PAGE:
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Here's Why the Biggest Cable Company in the Country Thinks It Can Get Bigger

Comcast thinks it can swallow Time Warner Cable without getting indigestion. Here's the pitch.

Shutterstock / Jim David
Peter Kafka covers media and technology, and their intersection, at Vox. Many of his stories can be found in his Kafka on Media newsletter, and he also hosts the Recode Media podcast.

So Comcast, in a sort-of surprise, is going to end up buying all of Time Warner Cable for itself.

If you are a regular person, and you hear that the biggest cable company in the country is going to buy the second biggest cable company in the country, your reaction is probably something along the lines of this:

And you might also wonder if regulators are going to do anything to stop it. After all, didn’t the feds stop AT&T from buying T-Mobile a couple years ago?

You’ll hear a lot more about this tomorrow, first from Comcast* and Time Warner Cable, who will officially announce/defend their deal, and then from people who can talk about this stuff with sophistication, like my colleague Amy Schatz.

But for now, you get me, typing it out slowly.

So here’s the big idea that’s supposed to get the deal approved in the coming months: It’s okay for a giant cable company to buy another giant cable company, because cable companies don’t compete.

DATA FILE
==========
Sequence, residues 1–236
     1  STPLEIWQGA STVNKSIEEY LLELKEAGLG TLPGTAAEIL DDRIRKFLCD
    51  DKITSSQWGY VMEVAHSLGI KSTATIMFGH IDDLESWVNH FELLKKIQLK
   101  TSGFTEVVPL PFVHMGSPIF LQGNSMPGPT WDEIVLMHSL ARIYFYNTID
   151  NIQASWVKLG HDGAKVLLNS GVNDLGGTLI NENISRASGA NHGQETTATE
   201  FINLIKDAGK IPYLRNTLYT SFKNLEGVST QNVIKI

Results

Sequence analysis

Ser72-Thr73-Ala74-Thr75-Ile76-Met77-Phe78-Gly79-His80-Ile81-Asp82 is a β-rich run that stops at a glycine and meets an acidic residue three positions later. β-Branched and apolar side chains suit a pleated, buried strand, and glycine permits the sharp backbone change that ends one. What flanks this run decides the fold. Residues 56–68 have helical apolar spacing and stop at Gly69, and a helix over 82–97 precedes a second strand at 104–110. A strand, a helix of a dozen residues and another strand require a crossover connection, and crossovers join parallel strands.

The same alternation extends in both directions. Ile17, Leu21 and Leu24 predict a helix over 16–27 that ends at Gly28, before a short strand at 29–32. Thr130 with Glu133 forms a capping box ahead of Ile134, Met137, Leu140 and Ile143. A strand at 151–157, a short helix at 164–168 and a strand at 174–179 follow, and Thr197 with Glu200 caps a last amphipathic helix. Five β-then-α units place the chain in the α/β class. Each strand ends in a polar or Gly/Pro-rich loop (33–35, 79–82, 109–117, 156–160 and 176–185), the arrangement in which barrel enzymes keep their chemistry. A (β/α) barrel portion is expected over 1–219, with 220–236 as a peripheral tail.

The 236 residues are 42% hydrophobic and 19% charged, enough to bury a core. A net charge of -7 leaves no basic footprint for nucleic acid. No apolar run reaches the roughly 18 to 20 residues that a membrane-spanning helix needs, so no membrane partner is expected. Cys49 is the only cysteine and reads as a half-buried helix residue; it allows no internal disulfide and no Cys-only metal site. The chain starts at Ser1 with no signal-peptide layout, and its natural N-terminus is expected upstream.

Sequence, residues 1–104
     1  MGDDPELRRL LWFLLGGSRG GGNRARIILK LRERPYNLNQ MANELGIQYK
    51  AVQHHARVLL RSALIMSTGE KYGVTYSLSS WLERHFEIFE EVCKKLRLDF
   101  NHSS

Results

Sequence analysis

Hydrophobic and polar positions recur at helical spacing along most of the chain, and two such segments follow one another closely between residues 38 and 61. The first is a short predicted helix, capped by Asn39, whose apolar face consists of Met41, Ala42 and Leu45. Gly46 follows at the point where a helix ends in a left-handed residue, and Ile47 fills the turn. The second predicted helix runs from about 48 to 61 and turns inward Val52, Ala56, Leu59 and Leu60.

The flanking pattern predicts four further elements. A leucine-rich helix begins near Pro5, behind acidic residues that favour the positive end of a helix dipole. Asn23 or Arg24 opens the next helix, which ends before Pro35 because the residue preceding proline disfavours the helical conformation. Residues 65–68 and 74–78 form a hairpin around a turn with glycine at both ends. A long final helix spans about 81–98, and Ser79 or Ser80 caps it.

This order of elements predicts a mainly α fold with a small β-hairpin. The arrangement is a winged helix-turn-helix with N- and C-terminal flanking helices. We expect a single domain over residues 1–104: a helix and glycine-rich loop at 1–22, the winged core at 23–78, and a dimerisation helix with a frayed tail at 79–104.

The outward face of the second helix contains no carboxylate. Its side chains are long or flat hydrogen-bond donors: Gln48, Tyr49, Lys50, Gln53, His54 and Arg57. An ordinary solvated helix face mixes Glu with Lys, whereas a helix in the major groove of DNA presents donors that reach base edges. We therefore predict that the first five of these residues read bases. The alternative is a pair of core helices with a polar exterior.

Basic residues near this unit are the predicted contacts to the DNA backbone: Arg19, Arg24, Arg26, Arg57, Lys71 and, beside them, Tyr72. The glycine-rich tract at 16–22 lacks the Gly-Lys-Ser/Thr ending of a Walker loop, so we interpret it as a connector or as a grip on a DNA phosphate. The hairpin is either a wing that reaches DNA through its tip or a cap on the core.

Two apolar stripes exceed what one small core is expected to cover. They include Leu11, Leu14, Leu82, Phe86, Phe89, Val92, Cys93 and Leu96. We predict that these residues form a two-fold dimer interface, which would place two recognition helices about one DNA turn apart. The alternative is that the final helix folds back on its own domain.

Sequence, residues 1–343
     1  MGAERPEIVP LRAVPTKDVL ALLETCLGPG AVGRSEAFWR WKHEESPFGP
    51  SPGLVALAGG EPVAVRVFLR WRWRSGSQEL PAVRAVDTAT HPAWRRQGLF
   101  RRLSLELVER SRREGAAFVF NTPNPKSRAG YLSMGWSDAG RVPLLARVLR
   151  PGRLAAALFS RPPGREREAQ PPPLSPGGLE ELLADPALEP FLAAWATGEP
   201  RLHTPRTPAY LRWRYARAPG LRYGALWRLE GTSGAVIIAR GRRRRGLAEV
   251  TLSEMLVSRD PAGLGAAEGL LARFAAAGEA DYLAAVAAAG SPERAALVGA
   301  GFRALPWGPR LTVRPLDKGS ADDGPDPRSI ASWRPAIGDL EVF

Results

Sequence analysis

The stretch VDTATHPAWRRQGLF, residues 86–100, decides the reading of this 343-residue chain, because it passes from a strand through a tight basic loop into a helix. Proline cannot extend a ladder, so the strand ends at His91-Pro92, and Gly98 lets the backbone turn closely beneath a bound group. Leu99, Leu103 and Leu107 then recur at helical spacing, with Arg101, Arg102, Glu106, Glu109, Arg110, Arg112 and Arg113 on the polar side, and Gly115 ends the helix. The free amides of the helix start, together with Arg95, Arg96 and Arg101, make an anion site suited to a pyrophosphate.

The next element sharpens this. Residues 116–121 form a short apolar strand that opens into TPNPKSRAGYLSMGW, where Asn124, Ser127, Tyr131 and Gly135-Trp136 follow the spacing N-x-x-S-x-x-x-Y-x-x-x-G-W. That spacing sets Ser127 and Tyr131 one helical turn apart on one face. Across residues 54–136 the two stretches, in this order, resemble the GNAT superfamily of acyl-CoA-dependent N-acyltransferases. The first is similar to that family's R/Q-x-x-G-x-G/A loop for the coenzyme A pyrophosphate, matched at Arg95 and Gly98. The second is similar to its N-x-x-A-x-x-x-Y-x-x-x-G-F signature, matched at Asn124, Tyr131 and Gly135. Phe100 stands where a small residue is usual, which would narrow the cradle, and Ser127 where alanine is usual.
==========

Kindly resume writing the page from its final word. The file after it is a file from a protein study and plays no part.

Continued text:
For instance: I live in Brooklyn, and I’m a Time Warner Cable customer. In theory, I could also get TV from the satellite guys, and also from Verizon. But I can’t get TV from Comcast, because the cable guys work in specific territories, carved out by local regulators, and they don’t overlap.**

Assuming the deal goes through, it’s not going to reduce my (limited) choices. I’m just going to start writing checks to Comcast instead.

And that’s about it. You’ll hear more tomorrow about Comcast’s increased leverage with programmers, and better technical facilities. And Comcast is going to make some moves to appease the feds from the get-go, like selling off 3 million of its subscribers to other cable operators, which would mean it ends up with 30 million subscribers total.

And maybe regulators will give this deal more scrutiny than Comcast expects, so you might see other concessions.

But even though this one sounds like a huge deal — $44 billion does tend to sound huge — it’s hard to see much changing for consumers any time soon. Which is why Comcast thinks it will get done.

* Comcast owns NBCUniversal, which is an investor in the company that owns this website.

**Recall that a few years ago, the feds blessed a peace treaty between Verizon and Comcast, who actually are competitors.

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